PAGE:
Heck, the reader can take a look at their own family in terms of religion. Does each member of the family (the mom, the dad, the two kids), each set aside time each night to study the various options available in terms of world religions, evaluate each religion according to its merits, and choose the religion that agrees with the dictates of their own conscience? Of course not. The children merely adopt the religion of their parents, either out of fear of punishment, fear of shunning, or out of love and respect for their parents. You virtually never find a Muslim father, a Catholic mother, a Jewish son, and a Bahai sister composing an intact, biological, nuclear family.

    I guess this is the part where everyone dismisses everything I said because I confess I am a Trump supporter. I do not know if I will actually bother voting for him though, since my area is so heavily Democratic, that it is unlikely my vote will make any difference. I am not voting for Trump based on “muh feelz”, but because I am basically a single-issue voter on the topic of illegal immigration. I am simply tired of seeing illegal Mexicans infiltrate our country, obtain benefits, and then agitate on behalf of the Mexican government. I am also tired of seeing Arabs from hostile Muslim countries overstay their visas – just like the 9/11 hijackers did. Trump’s stance on “America First” (or rather, the repeal of globalism) is a huge cherry on top of an already delectable sundae. I am tired of seeing America get bent over the pinball machine on trade deals, with absolutely nothing to show for it other than a sore rectum.

    Not that Trump is perfect, but the pursuit of perfection in political candidates is infantile thinking. In a participatory system, compromises have to be made on small issues (it very well may be a tautology that a “small issue” is defined as an issue that people are actually willing to compromise on).

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  9. One of the fallacies of “Political Science” is that it must some how be a “Science”. It never was and never will be for the simple reason that human behavior is not a mathematical formula. This is also the failure of Sociology, the idea that human behavior had rules and order and once discovered could be completely understood. Yes, this is a broad condemnation and one can always find a few items that do work well enough but my point is that emotion is a very large and complex part of our individual and collective behaviors. Yes, politics is about feelings, always has been. Politics is about identity, about belonging to a particular group. Ask an individual about what political party he has joined or at leasts votes what is that party’s goals, aims, ideology, and so forth are and I doubt he could tell you more than a standard vague answer. Well, we stand for freedom or improving the welfare of the poor or jobs with justice.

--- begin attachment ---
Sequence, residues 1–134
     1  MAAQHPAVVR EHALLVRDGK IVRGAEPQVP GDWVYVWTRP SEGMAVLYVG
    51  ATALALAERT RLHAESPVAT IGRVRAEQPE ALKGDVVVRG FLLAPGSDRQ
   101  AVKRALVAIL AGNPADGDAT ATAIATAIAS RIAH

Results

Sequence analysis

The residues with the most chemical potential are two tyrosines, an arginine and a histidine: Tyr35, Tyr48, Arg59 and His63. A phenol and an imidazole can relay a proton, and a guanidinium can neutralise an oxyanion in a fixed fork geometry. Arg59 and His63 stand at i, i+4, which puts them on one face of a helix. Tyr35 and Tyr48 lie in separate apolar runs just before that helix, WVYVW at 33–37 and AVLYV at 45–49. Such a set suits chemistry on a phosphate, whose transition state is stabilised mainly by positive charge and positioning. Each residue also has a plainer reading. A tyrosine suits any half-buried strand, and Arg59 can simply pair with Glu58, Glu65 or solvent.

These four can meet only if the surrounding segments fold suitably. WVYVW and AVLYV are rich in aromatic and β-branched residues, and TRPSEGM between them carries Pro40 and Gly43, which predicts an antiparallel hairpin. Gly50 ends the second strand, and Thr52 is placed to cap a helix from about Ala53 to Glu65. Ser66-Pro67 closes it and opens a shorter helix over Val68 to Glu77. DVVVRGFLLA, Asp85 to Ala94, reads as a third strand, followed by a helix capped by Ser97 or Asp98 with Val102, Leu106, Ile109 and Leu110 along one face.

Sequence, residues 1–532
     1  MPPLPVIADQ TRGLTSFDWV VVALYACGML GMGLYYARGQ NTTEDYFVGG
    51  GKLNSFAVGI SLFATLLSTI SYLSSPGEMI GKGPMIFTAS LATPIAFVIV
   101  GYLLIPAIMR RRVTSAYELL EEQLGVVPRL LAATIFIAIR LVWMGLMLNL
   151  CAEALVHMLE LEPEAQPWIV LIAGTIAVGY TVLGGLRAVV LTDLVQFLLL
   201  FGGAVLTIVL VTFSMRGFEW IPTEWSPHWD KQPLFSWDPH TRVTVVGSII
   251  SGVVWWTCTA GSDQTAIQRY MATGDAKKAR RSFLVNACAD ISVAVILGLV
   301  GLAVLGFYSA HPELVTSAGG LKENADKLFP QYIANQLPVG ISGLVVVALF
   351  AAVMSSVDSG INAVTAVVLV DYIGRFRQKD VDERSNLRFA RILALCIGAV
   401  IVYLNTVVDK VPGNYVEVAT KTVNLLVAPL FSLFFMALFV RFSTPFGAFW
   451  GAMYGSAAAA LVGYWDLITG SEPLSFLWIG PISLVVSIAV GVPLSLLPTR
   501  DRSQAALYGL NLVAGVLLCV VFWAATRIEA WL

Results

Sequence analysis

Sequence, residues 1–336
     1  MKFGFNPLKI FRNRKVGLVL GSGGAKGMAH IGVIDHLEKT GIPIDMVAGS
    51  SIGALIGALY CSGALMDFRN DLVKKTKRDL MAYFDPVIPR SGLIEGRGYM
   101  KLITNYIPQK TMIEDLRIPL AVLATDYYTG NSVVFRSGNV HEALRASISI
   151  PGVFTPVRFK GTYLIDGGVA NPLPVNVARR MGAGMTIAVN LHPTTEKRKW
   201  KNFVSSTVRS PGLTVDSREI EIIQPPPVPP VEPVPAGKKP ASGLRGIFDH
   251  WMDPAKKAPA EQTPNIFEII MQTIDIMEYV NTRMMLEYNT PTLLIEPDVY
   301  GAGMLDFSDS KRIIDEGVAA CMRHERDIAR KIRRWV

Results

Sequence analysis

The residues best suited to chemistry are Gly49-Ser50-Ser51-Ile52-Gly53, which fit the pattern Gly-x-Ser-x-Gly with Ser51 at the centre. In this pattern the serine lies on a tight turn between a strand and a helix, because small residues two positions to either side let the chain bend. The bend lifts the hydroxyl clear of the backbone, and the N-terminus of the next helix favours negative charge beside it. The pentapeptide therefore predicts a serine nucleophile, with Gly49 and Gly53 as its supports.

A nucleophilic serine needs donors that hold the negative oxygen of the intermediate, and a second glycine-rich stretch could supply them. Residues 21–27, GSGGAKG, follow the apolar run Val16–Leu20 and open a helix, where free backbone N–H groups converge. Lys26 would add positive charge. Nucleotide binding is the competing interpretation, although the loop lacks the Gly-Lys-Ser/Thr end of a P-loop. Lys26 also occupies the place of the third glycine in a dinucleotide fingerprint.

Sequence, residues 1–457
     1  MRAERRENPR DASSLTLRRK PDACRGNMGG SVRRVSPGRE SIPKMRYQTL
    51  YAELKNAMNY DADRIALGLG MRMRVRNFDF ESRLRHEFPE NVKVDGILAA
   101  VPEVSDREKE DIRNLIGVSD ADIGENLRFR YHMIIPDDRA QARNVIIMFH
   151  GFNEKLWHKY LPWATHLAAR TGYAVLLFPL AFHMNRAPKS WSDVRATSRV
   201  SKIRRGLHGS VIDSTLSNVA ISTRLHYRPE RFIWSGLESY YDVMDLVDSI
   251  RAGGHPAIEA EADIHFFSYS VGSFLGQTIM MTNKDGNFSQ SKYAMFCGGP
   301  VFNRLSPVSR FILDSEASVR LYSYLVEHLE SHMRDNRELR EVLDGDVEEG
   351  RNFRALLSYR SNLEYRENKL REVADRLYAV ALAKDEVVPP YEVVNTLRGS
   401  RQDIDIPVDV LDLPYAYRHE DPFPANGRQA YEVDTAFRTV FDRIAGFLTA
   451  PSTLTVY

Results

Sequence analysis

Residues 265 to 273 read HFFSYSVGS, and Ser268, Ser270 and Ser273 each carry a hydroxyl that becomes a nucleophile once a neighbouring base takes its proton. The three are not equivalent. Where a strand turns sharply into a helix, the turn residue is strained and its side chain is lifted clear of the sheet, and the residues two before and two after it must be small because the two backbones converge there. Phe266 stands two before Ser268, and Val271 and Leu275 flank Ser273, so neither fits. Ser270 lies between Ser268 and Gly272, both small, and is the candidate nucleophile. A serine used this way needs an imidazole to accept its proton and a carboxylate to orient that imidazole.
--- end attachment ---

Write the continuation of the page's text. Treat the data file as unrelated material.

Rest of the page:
I remember when the union steward told us we had to go on strike for jobs with justice. I asked just what were jobs with justice, what did she mean? I never got an answer. Well, what is this education fund that takes a part of my dues? Oh, so we can “educate” the various local, state, and federally elected individuals about out needs and goals. And by the way, no republicans could apply. On the other hand if one had joined a church and its leadership felt that abortion was a sin against god and morally wrong, no amount of reason would prevail. Or perhaps its outreach program of helping the homeless was to build more and more facilities for housing them in the same few blocks, thus concentrating their numbers. Drive all businesses away and cause many home owners to move because of the higher crime rates. All the while celebrating the work of God. Amen.